Many of you believe that clubs should be doing more to encourage nine-hole golf, especially if we are to attract youngsters to the sport.

“Post-lockdown, one club introduced the following system; twoballs until 07:30, threeballs until midday and fourballs after midday. However, with the relaxation of the rules and to ensure everyone can play they now have threeballs until 07:30 then fourballs after that."

This sounds like a sensible option, and one that should ensure things keep moving along at a decent pace. When all is said and done, there is not much that can be done to cram more people onto a course when we have reduced daylight hours.

But for some of you, the feeling is that things remain as bad as ever.

"Play is far too slow again. It took nearly two-and-a-half hours to play eight holes due to a four-ball of very inexperienced players not letting quicker players through. Also they were removing the pin on every hole, which is forbidden in these times and they were two holes behind the group in front of them. My partner and myself gave up after the eighth hole. I am very disappointed with the club’s attitude towards the slow play group, saying everyone has to start somewhere. I get that, but they should be told to let other quicker groups through."

This touches upon a number of issues. Increasing numbers of you seem to want a reduction in four-ball golf, but the truth is that, for huge numbers of club golfers, playing in four-balls is their favourite format - and that is highly unlikely to change.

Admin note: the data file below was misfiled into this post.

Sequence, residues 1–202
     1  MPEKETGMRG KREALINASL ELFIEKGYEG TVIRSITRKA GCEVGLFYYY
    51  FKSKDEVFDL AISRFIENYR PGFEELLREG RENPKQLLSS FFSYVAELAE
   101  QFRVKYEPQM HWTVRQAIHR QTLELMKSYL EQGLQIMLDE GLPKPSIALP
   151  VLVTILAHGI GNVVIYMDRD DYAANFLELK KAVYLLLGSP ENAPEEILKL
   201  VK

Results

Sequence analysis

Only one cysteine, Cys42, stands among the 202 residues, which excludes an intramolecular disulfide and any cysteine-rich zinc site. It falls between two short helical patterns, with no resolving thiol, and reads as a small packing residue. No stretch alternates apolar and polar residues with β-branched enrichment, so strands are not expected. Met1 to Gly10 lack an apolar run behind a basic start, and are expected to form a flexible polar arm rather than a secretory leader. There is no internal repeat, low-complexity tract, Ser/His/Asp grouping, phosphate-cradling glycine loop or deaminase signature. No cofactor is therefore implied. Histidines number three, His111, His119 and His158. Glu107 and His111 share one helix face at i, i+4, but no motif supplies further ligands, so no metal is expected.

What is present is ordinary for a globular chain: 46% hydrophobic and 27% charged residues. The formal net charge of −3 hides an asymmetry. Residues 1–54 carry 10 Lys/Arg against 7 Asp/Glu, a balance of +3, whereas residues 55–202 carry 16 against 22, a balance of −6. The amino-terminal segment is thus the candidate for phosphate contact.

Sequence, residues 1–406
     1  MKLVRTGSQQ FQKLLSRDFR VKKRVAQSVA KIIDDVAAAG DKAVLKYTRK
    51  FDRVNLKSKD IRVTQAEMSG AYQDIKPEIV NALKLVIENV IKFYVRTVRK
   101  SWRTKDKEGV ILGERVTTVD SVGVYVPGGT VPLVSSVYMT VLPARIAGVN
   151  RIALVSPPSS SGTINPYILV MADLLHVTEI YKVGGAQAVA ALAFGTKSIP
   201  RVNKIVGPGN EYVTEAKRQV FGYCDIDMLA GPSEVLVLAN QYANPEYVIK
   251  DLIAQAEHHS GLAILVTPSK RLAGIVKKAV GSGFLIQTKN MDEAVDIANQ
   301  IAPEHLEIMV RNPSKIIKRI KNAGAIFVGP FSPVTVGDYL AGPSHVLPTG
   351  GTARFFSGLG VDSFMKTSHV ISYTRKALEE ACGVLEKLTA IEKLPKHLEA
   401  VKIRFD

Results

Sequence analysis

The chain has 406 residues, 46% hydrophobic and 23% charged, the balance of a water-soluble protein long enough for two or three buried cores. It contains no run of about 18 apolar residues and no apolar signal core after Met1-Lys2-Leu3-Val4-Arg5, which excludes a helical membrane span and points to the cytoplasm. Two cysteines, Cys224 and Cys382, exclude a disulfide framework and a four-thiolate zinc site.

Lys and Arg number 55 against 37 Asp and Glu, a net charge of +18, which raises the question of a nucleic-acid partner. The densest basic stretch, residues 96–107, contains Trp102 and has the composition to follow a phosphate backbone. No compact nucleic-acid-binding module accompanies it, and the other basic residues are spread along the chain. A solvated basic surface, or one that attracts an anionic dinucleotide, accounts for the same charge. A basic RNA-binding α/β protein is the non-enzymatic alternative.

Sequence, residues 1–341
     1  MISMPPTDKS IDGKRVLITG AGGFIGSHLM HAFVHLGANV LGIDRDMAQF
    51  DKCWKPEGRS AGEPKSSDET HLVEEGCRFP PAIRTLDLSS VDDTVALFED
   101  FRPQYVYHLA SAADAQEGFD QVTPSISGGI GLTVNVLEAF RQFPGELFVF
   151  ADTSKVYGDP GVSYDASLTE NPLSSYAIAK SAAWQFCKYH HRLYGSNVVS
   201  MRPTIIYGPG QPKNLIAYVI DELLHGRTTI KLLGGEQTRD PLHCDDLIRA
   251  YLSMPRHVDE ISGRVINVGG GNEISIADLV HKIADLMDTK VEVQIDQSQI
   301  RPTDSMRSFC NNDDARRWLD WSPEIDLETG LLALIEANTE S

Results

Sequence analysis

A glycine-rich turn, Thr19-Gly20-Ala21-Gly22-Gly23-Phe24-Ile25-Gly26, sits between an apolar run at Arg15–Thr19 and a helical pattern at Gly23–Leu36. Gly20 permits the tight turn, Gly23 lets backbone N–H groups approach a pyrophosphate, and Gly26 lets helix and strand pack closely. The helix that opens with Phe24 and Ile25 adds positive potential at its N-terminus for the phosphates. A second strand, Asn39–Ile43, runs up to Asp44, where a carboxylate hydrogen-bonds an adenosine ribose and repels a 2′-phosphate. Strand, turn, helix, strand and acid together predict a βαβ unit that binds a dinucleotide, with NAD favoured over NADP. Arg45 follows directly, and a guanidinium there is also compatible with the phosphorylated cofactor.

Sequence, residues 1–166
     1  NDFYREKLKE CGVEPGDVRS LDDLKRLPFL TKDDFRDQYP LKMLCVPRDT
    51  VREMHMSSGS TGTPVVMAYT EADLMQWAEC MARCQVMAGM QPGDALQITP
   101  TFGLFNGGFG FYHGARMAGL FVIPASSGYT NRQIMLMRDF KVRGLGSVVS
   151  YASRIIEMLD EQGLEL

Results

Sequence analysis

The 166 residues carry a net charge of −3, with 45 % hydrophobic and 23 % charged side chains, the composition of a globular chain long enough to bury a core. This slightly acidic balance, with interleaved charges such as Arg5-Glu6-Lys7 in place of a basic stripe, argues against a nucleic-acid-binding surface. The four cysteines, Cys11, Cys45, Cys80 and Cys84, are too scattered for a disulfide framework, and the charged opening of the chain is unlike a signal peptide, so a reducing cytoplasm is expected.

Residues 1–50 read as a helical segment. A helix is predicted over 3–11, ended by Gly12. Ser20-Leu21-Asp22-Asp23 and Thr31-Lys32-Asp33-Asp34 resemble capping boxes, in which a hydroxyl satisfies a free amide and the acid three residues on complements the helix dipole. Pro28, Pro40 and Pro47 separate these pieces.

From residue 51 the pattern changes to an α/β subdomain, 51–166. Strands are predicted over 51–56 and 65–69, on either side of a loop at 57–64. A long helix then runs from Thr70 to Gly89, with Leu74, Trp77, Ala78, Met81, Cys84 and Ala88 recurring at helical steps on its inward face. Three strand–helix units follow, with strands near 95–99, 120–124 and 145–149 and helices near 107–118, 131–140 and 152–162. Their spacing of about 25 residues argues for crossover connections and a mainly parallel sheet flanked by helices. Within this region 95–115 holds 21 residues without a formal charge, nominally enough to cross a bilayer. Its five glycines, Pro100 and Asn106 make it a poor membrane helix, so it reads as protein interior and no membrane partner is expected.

On the question of new and inexperienced players, clubs need to take ownership. Of course we want to see more men, women and children playing the game, but if they are new to the game the whole issue of etiquette needs to be explained to them, and that includes encouraging them to wave through quicker players, to be aware of what is happening behind them, to pick the ball up if they are out of the hole or are stuck in the hay. In short, they need to know the rules and to realise that their behaviour affects others.

There are those who would advocate access to tee-times based on handicap levels. The problem with this is that golf is primarily a social game and you will often find that a low-handicap player will choose to play with a friend whose handicap might be far higher. And the very reason they choose to play together is because they enjoy one another’s company. If you start to introduce tee-times based on ability you will simply alienate even more club golfers.

Some courses have notices at various holes to tell golfers how long it should have taken them to reach a specific point but these are a waste of time because those who play the course on a regular basis simply stop seeing them. Some courses employ marshals whose job it is to patrol the course and give players a gentle ‘hurry-up’ but for many that is just not a viable option from a financial point of view.

How to Keep Things Moving